Megan Mullally: Her Lips Are Unsealed
BY Brandon Voss
April 16 2010 5:50 PM ET
Having won two Emmys as rich and bitchy socialite Karen Walker on Will & Grace, Megan Mullally now embraces the unglamorous life in the second season of Party Down, a comedy about a ragtag team of Hollywood cater-waiters, which returns April 23 on Starz. After discussing the impact of two major Advocate cover stories — hers in 1999 and friend Sean Hayes’s last month — Mullally, an accomplished stage actress recently involved in a Broadway brouhaha to rival Jeremy Piven’s Speed-the-Plow sushi scandal, explains why fans should forget about Lips Together, Teeth Apart and focus instead on the future of Karen: The Musical.
The Advocate: Hey, Megan, how are you?
Megan Mullally: Good! Is this my Brandon? There’s a Brandon I did a big interview with for The Advocate years ago. Is that you?
No, sadly, I am not your Brandon. I wish that I were your Brandon. But that interviewer’s name was actually Brantley.
Oh, OK. Well, I could’ve had two Brandons.
Megan, times are hard. Why are you making me pay for the Starz network?
[Laughs] That was my mission — to make you get Starz. But it’s worth it because it will make you forget all your cares and troubles.
In a way you’re filling the gap opened by Jane Lynch when she left Party Down to join the cast of Glee. Those are some big sensible lesbian shoes to fill.
I know. It’s funny, because I’ve known Jane for many years. I saw a one-woman show she did years ago at the L.A. theater where UCB is now on Franklin. I was like, “OK, that bitch is amazing.” Then I’d see her around, and we have mutual friends, so we’re really friendly. Then I stumbled upon the first season of Party Down, and I was like, “What the hell? This is the best show!” So my husband [Parks and Recreation star Nick Offerman] and I both started watching it, and we couldn’t get over it. When she left to do Glee, I was like, “Thank you!” because then they offered me a role. So, yeah, I’m fulfilling exactly the same function as Jane, but it’s a different role.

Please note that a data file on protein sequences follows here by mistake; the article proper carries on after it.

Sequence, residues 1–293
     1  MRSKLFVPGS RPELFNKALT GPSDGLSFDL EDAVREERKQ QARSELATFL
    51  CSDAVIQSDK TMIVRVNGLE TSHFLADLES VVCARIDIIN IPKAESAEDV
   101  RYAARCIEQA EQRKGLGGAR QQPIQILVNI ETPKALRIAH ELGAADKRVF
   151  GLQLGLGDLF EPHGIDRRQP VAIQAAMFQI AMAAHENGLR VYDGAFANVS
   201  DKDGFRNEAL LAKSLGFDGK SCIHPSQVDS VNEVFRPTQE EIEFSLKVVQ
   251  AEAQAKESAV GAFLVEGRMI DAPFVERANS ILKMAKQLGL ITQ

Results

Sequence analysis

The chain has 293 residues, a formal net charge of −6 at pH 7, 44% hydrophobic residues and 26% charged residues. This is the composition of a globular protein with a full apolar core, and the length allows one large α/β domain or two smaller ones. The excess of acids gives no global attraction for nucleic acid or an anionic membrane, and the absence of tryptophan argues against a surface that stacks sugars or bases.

Tell me about your character, Lydia Dunfree.
Lydia has moved to Hollywood from the Midwest with her 13-year-old daughter, Escapade, who is going to be the next Hannah Montana. Lydia’s very bright-eyed and bushy-tailed, extremely optimistic, superfriendly, and she loves everybody. Most of the other caterers are pretty cynical, so it’s a bit of a jolt for them when Lydia bursts onto the scene. But she’s got so much goodwill that they can’t resist her.
It must’ve been somewhat daunting for you to join an established cast after a whole season.
I never worry too much about that stuff because I always figure, “Oh, it’ll all work out and everyone will be nice,” and luckily they were. It’s the nicest group of people. They were so incredibly welcoming, and there was never a moment where I felt like the new kid or anything.
Talking about Lydia’s racist ex-husband, you get to say the phrase “Jew faggot” in the first episode, which really sets the tone.
[Laughs] I know, and I was very pleased when I read that in the script. Yeah, Lydia’s ex-husband is not a very nice person.